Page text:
"The World Around": Lecture #1 of The Faith Puzzle series
"Susan Therapy": Sometimes all you need is a safe place to ask why
Books to Read
Editor's Note: If you are located outside of our local area or need to purchase and e-reader version, we have provided links for online purchasing. However, if you live on the Olympic Peninsula, we would encourage your support for local business. Be sure to visit "The Good Book". The folks there have been so supportive of "The Faith Puzzle" and we hope you will support them as well.
The Case for a Creator, Lee Strobel
Lee Strobel does not posses scientific credentials but what he does have is an investigative reporter's training and skill. With a journalism degree from the University of Missouri and a law degree from Yale, Strobel went on to become a journalist for the Chicago Tribune. Throughout his education and most of his career, Strobel was an avowed atheist. When his wife became a follower of Jesus he was shocked and determined to debunk her new-found faith. He set about a personal quest to do just that, beginning with an investigation of the life of Jesus. What he found not only surprised him but ultimately changed his worldview. He went on to write a series of books examining various topics which critics of faith often wrestle with. In "The Case for a Creator" Strobel devotes chapters to a variety of topics and questions related to the origins of life. In each chapter he interviews an expert in that field. The interviews are conducted from the perspective of a skeptic. Strobel keeps the pace moving and any reader, whether technically oriented or not, will find this an interesting read. This is an excellent and broad-ranging introduction to the topic of origins. There is also a great bibliography at the end of the book which provides a great launching point for further reading.
Darwin's Black Box, Dr. Michael Behe
When Dr. Behe released this book in 1996 it sent shockwaves through the scientific community. It is still generating discussion today. Behe is the Professor of Biochemistry at Lehigh University so the man knows his subject. The principle he introduced into the discussion of origins was one called "Irreducible Complexity." This is not a long book, and Behe does a good job of using simple illustrations, like a mousetrap, to explain some technical concepts. There are some technical sections in the book, but the author knows these will not be of interest to all readers and has structured the book in such a way that readers can decide if they want to delve into some of the more complex data. It is a fascinating and foundational book for those seriously investigating the evidence for intelligent design.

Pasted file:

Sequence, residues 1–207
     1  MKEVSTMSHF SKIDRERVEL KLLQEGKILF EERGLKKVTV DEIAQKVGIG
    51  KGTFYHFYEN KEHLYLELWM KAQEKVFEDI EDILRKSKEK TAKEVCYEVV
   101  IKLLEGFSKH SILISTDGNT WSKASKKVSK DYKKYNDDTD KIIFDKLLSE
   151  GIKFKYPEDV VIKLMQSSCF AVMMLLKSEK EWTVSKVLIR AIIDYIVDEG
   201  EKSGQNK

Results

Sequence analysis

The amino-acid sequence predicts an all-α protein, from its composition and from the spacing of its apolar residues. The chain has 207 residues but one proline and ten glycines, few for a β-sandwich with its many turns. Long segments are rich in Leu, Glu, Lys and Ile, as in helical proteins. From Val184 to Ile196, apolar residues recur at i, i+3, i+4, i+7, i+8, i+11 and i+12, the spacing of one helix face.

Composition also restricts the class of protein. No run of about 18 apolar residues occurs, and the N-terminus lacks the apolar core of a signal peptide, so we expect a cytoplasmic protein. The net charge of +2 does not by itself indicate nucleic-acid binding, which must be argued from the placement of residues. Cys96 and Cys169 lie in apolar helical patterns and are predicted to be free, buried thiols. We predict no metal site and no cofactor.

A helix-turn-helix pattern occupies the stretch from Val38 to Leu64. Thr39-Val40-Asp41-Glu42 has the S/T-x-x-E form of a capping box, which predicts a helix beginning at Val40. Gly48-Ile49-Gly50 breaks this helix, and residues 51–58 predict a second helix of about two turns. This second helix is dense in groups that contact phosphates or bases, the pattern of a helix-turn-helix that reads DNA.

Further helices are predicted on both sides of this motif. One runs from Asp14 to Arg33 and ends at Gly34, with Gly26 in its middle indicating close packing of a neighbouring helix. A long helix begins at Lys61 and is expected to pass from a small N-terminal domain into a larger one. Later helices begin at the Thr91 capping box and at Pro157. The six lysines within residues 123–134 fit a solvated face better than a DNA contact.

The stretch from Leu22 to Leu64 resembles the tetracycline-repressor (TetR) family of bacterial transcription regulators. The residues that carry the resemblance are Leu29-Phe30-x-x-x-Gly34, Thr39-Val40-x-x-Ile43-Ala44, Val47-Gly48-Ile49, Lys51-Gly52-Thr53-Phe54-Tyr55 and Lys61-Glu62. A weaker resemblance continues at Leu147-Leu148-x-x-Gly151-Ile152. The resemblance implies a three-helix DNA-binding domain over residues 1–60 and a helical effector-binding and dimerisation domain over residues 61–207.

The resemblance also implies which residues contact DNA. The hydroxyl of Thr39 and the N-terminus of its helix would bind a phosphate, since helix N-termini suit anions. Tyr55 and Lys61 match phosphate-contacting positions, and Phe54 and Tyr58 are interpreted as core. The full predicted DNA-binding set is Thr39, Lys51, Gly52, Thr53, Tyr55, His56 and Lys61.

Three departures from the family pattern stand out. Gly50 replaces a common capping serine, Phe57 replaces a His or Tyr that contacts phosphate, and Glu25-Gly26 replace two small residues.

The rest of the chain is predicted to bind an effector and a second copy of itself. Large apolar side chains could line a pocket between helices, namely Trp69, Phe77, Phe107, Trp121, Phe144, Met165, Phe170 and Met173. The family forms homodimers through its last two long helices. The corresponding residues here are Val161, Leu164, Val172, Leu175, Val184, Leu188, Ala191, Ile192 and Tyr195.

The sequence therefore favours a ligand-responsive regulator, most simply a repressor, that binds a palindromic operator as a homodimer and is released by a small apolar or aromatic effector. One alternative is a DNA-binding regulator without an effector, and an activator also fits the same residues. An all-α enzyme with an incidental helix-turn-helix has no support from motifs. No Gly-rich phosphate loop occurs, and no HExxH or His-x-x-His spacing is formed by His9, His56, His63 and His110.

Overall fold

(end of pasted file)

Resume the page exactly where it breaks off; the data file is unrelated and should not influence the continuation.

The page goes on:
Signature in the Cell, Dr. Stephen Meyer
The cell which Darwin conceived of as merely a simple blob, we now know to be a highly complex mechanism packed with micro engines and information. This book takes a detailed look at the information in the cell and the evidence it contains for a designer. Meyer also tackles some of the key philosophical underpinnings that direct much of modern research and the discussion of origins. This is a more advanced book but an excellent read for anyone who really wants to grapple with the evidences of design.
The Privileged Planet, Dr. Guillermo Gonzalez & Dr. Jay Richards
A reality that researchers have increasingly come to recognize is what has been termed the "Anthropic Principle" or the "Fine Tuning" of the universe. It is the recognition that the presence of life on our planet is only possible because a multitude of factors all align with uncanny precision - almost as if someone or something had fine tuned or designed the world for our existence and flourishing. In "The Privileged Planet" Gonzalez and Richards take a close look at many of those key, fine tuned components and examine the arguments posed to wave away the appearance of planning.